I go on sneaking about, looking for what sustenance I can find. Often you have to pick through some rather distasteful stuff. A good example is some pretty disgusting anti-semitism that was posted on Indymedia Aotearoa recently. Although AIM is alleged to be one of New Zealand’s most popular political websites, these anti-semitic comments passed almost without criticism. For me, it calls into question the entire ethos of the Indymedia project, an ethos that both recalls the circumstances of the project’s birth and the conditions of the internet at the time. Writing in the anarchist webjournal Infoshop News, a guy named ChuckO puts it like this:

It was a great idea when the Independent Media Center opened up its first website for the Seattle anti-WTO protests in December 1999. The first IMC website came out of years of alternative and grassroots media activism. By a strange quirk of fate, the Seattle IMC also included something called the "open newswire," an experiment that allowed every reader to be a reporter, if they wanted to get involved in DIY, participatory media production.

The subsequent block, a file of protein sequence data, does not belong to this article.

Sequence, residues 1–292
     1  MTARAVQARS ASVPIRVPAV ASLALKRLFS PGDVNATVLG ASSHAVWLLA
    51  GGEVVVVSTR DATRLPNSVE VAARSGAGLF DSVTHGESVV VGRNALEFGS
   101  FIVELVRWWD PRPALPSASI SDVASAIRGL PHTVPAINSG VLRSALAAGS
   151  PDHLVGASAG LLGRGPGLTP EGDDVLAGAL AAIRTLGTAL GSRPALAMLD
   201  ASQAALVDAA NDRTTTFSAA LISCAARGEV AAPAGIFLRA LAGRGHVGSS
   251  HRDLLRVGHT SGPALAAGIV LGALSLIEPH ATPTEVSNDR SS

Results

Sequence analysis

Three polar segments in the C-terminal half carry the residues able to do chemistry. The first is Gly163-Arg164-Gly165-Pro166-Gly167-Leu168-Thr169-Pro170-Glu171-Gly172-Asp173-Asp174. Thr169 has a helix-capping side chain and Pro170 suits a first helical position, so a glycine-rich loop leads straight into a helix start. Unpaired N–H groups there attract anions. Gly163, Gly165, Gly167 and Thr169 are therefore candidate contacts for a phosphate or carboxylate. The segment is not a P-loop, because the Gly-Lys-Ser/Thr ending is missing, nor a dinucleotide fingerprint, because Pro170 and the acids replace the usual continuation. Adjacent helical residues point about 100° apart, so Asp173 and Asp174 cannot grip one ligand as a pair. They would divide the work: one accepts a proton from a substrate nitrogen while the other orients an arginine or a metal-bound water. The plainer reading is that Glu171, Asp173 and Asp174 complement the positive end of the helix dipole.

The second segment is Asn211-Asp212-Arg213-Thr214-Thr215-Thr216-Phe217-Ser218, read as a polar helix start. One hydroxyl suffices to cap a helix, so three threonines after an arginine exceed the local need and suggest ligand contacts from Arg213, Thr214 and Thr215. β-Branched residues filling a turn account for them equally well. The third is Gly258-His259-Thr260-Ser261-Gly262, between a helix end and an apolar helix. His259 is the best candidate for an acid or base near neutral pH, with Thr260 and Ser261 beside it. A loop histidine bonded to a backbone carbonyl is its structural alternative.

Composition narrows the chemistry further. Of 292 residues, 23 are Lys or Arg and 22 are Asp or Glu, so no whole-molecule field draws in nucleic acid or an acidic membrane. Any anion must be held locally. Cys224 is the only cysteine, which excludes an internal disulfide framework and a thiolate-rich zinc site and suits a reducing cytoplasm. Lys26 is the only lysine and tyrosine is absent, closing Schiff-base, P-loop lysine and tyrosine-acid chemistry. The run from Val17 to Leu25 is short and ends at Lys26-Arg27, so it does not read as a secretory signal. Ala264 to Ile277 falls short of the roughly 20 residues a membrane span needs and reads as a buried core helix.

Think about this. It was five years ago. The internet was a very different place. Broadband hardly existed. People still relied, by and large, on the corporate media. So the idea of an independent network of sites devoted to community activism sprang out of a condition of media scarcity, a time when the culture of D.I.Y. was relegated to comics and cassette tapes. It was only natural, then, that the pioneers who staked out this part of the web were a little doctrinaire about the right of free speech. Everyone who had been denied the right to speak were now given access. Indymedia wasn’t just a site. It was a movement.